If you had to, you could call it a silver lining. The more dire the nuclear situation seemed to get in Japan, the more the stocks of solar manufacturers seemed to rally.
The logic seems to be that solar is a readymade alternative to petroleum that is far less risky than nuclear power. Japan, which has relied for decades on nuclear energy in order to wean itself off a dependence on foreign oil, will be looking for a new energy resource after the quake-damaged nuclear plants began spewing radiation.
First Solar (NASDAQ:FSLR), which traded at almost $140 before the quake struck, jumped more than 12% in two days before easing back as fears of a meltdown in Japan modestly abated. Suntech Power (NYSE:STP) and SunPower (NASDAQ:SPWRA) also have put up respectable gains since March 11, while Trina Solar (NYSE:TSL) and LDK (NYSE:LDK) have performed even better.
As tempting as it is to imagine that investors are lining up to contribute money to solar companies that can provide Japan with a safer means of energy, it’s much more likely that the motivations are more ghoulish — a heady rush to capitalize on disaster and misfortune.
Well, that’s the financial markets.
But the thing is, if you look at this rally from the cold logic that prudent investing demands, it doesn’t add up. First of all, as some analysts have pointed out, the quake and its aftermath is potentially a short-term negative for some solar companies, particularly for those with operations in Japan.
According to Credit Suisse, Suntech Power and SunPower own manufacturing plants or have contracted with companies with facilities in Japan, and it’s not clear how those facilities have been affected by the quake or the disruption to Japan’s energy grid.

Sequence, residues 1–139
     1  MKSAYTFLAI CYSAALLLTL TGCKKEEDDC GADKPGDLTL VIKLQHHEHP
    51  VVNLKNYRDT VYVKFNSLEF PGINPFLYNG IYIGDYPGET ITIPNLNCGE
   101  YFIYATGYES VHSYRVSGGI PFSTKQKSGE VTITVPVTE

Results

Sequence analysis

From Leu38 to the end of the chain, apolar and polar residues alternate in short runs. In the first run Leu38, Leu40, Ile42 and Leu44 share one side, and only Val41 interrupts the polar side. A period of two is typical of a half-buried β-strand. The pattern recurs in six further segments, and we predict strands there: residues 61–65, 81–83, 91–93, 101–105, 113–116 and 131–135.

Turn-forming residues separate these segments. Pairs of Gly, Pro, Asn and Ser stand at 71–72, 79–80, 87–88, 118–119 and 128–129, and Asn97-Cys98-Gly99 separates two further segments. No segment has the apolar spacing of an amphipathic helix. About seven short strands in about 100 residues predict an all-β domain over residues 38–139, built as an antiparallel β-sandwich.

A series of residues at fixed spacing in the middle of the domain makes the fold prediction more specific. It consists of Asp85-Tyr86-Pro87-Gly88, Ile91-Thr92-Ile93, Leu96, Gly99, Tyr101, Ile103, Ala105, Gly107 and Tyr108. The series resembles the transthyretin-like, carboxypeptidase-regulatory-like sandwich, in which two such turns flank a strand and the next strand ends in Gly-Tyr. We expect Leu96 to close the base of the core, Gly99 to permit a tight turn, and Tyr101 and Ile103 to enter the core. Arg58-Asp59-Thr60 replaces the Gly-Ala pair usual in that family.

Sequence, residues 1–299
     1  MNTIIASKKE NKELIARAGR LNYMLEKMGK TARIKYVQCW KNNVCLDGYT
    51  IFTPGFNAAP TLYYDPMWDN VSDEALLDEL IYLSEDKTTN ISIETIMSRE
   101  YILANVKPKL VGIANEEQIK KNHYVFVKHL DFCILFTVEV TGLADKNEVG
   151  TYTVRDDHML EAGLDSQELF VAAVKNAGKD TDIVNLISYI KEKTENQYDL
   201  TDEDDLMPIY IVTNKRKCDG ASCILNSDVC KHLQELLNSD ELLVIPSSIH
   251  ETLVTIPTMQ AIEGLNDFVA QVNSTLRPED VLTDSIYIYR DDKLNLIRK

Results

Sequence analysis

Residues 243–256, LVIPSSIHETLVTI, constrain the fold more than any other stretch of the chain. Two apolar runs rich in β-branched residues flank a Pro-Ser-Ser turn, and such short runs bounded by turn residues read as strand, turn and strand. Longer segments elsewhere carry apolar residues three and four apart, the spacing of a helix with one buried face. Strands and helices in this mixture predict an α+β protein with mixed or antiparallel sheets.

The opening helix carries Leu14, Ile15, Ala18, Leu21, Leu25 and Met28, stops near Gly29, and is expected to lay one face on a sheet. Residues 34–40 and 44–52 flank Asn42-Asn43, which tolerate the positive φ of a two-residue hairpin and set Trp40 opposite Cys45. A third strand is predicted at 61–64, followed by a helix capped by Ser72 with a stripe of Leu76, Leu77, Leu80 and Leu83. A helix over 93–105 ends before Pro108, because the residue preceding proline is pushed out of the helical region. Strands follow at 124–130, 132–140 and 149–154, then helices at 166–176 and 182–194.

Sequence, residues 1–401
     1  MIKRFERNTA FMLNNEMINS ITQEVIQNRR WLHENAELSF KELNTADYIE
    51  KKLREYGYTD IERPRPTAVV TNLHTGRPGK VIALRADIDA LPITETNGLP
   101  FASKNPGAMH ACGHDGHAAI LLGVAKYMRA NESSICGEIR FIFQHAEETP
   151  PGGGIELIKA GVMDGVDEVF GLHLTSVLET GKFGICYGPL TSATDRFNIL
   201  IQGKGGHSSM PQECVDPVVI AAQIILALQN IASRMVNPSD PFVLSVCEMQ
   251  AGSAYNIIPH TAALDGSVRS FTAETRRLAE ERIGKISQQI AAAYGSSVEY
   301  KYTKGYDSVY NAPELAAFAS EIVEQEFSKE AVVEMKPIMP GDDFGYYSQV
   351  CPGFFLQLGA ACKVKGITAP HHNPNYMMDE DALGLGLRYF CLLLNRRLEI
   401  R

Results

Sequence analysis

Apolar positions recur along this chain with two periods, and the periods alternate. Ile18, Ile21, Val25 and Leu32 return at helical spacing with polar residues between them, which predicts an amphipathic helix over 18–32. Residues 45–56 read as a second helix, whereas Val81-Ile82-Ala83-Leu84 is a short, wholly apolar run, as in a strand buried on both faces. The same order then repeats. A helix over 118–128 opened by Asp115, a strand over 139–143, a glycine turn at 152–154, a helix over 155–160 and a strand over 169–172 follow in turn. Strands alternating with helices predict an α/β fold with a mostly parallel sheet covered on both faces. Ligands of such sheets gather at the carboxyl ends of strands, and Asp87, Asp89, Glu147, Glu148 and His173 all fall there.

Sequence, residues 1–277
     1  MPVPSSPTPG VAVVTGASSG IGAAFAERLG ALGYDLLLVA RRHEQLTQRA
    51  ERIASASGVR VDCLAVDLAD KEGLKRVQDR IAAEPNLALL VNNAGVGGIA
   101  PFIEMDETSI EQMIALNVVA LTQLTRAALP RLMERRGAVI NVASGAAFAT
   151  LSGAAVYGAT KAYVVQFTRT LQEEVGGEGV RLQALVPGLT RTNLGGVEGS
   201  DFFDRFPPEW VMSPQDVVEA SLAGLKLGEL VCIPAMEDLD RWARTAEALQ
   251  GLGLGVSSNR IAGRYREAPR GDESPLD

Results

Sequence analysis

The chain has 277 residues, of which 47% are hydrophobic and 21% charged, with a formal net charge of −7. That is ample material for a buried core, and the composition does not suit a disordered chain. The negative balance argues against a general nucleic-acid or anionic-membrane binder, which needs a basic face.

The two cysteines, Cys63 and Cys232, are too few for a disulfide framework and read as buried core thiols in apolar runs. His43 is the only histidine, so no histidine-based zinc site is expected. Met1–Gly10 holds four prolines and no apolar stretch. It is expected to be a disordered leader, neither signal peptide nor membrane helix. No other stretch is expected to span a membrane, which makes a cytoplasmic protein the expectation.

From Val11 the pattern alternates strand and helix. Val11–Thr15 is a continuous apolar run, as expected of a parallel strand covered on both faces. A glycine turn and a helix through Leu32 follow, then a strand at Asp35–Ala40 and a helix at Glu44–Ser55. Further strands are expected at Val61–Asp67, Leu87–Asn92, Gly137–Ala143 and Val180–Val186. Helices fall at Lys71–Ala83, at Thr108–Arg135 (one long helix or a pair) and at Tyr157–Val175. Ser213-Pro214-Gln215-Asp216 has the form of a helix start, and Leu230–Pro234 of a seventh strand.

In addition, while demand in Japan for solar panels may be higher over the next several years, it may be some time before it actually picks up. Companies will take a hit on revenue this year because of the quake, and may be more tightfisted with capital expenses. The Japanese government, already saddled with debt equal to 196% of its GDP, has a lot of rebuilding to do. If solar becomes a priority, it may take some time.
What’s more, First Solar isn’t likely to benefit from any new push to invest in solar energy in Japan. The country has shown a strong preference for more efficient silicon as well as and thin-film panels that don’t use First Solar’s technology. With production of these panels rising, and prices falling, that’s unlikely to change. Yet First Solar’s stock has been rising anyway.
The solar rally also seems to assume that Japan is the only market worth considering. But subsidies are still in question in Europe. Just last week, Energy Conversion Devices has fallen 30% since it said that policy changes in Italy and France, as the company put it, “forced us to reconsider our near-term financial outlook.”
Beware the post-quake rally in solar stocks. It’s speculative in the worst sense of the word – not only is it cold-blooded in spirit, it’s defective in logic.